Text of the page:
Ep. 95: Robert Dilenschneider — How to Take Responsibility for Your Most Important Decisions

My guest this week is Robert Dilenschneider, author of the recent book Decisions: Practical Advice from 23 Men and Women Who Changed the World (affiliate link). Bob had some really important things to say about this moment we find ourselves in, with the many problems we’re facing. A global pandemic, economic turmoil, and now the pain and upheaval following the deaths of George Floyd and other Black men and women in the US at the hands of the police.

These events have compelled all of us to take a closer look at the inequality and racism we may have taken for granted. So what Bob says here is really important. He asserts that each of us needs to take responsibility for the good and the bad in society. And we need to take personal responsibility for addressing societal problems.

I realized I’d been sitting on the sidelines on issues of racism and inequality. I’d unconsciously assumed I was one of the good guys and was doing enough by silently opposing these things, and I’ve avoided really joining the conversation out of fear of saying the wrong thing and embarrassing myself. To be honest, I didn’t want to come across as an out-of-touch White guy.

But through recent conversations I’ve realized that my fear was getting in the way of taking responsibility for working toward equality and justice. And these conversations, while uncomfortable, have been incredibly humanizing and instructive. So I look forward to playing a more active role here and taking some risks in order to learn and grow and do what I can. I hope all of us can move from fear to love as we build a more just society, and repair our bonds with those who are different from us.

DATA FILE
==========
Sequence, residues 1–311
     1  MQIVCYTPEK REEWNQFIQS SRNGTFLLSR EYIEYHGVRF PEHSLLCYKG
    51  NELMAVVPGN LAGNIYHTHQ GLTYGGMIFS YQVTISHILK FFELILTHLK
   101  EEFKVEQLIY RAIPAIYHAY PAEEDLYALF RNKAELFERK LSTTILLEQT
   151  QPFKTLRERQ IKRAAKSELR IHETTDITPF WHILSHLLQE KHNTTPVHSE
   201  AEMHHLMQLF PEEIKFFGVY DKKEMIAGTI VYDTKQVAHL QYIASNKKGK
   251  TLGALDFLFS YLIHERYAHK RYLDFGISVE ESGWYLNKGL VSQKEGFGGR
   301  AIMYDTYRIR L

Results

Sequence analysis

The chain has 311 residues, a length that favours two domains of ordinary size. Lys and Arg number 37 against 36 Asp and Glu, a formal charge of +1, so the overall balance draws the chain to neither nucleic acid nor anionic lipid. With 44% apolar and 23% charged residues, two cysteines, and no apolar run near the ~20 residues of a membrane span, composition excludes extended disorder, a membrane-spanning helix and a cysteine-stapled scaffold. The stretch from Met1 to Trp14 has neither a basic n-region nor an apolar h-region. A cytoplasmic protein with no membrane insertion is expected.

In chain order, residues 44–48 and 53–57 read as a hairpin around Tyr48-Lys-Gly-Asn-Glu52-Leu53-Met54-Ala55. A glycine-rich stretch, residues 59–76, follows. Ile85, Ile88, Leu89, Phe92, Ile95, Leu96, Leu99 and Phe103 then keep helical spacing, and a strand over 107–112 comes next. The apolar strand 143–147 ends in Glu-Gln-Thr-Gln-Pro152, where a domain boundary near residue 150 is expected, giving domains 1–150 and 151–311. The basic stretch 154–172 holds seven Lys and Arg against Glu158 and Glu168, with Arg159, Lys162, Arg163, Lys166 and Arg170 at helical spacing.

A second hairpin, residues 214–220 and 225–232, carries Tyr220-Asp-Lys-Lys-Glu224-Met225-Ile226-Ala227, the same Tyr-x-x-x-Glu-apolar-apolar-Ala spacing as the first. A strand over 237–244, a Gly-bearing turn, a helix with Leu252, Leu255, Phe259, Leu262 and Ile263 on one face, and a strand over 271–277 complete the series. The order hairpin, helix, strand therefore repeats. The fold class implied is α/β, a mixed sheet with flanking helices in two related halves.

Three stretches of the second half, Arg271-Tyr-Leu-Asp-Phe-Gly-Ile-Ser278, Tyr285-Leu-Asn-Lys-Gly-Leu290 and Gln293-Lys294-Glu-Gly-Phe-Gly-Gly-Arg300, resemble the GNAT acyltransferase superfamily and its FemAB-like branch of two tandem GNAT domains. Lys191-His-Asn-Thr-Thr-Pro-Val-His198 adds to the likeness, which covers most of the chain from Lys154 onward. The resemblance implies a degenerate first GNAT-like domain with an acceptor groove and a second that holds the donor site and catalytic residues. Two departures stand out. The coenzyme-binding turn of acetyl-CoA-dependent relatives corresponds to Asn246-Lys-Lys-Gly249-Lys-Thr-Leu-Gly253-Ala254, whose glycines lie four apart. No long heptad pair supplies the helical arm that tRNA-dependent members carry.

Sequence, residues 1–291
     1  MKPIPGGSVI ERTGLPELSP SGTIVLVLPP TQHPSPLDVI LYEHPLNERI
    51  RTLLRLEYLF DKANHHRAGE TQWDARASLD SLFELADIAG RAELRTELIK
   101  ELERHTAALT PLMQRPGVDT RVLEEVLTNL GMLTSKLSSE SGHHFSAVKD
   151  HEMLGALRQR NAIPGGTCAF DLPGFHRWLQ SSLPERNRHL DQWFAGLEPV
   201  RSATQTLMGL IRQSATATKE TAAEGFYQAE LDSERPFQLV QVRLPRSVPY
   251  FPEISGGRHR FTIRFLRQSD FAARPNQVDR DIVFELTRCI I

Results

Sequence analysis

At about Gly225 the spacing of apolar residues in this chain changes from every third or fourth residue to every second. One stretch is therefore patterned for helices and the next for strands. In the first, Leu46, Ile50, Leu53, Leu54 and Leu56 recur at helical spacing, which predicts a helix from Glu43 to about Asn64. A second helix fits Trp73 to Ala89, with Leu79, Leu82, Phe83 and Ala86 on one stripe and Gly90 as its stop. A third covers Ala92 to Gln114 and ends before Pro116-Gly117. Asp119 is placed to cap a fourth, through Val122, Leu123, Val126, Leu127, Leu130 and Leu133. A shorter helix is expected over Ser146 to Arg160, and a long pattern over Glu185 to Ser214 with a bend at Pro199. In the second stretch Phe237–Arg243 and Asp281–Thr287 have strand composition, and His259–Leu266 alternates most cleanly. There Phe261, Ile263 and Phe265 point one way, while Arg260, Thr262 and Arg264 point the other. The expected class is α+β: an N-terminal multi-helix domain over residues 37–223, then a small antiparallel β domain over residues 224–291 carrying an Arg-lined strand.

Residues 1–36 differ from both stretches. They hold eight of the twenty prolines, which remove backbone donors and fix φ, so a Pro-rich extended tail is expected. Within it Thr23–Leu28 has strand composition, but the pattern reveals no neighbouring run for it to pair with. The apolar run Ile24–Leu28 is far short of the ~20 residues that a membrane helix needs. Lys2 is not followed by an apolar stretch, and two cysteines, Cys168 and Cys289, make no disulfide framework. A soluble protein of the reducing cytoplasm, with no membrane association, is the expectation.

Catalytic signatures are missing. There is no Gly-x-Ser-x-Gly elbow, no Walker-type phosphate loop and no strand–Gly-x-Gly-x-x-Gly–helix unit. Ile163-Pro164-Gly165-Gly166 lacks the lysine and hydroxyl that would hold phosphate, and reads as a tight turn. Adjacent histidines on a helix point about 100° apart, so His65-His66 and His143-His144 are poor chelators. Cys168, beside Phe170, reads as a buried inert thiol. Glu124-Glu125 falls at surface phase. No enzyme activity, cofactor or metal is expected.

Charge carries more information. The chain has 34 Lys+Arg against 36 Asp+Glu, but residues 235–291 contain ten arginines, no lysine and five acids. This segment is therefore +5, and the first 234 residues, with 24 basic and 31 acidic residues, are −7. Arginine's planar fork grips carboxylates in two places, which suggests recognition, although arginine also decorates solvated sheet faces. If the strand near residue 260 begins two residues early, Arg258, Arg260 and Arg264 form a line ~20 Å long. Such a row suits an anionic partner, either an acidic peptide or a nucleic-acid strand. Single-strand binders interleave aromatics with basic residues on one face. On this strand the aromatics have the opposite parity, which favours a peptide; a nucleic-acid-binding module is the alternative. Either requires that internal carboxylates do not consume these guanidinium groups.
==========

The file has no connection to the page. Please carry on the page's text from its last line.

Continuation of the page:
Topics that Bob and I discussed together included:

  • Why making good decisions now is more important than ever
  • The dramatic changes that are happening in our world
  • The limited opportunities that many find
  • Taking responsibility for the good and the bad in our society
  • Taking responsibility for addressing societal problems
  • The importance of focusing on the process of making a decision
  • How to make decisions related to the coronavirus pandemic
  • How to forgive ourselves when decisions turn out badly
  • Learning to make good decisions from the examples of others
  • What a no-choice decision is
  • The major decision that Rachel Carson, author of Silent Spring (affiliate link), faced
  • The importance of being open to serendipity
  • Doing something that makes a positive difference in people’s lives
  • Working out of self-interest vs. for the benefit of others

Here’s the link to the Ross Gay article I mentioned in the introduction. I definitely encourage you to read it: Some Thoughts on Mercy. (Ross was a guest on the podcast.)

Robert Dilenschneider is the founder and principal of the Dilenschneider Group, which provides strategic advice and counsel to Fortune 500 companies and individuals around the world. Before that he was president and CEO of Hill and Knowlton, Inc., from 1986 to 1991.

Bob completed his BA at Notre Dame and earned an MA in journalism from The Ohio State University. He has counseled major corporations, professional groups, trade associations, and educational institutions, and has assisted clients in dealings with regulatory agencies, labor unions, and consumer groups, among others.

In 2012 the Dilenschneider Group established the Civility in America Lecture Series, which features many of the nation’s leading thinkers from a wide variety of professions and provides a perspective on what must be done to restore civility in our country.

Bob is a member of the Council on Foreign Relations and the Economic Clubs of New York and Chicago, and he’s also served on numerous corporate boards. He’s the author of 14 books, including 50 Plus! and The Critical First Years of Your Professional Life (affiliate links).

He has lectured for scores of professional organizations and colleges, including Notre Dame, Ohio State, NYU, and the Harvard Business School.

Learn more about Bob at The Dilenschneider Group, Inc.

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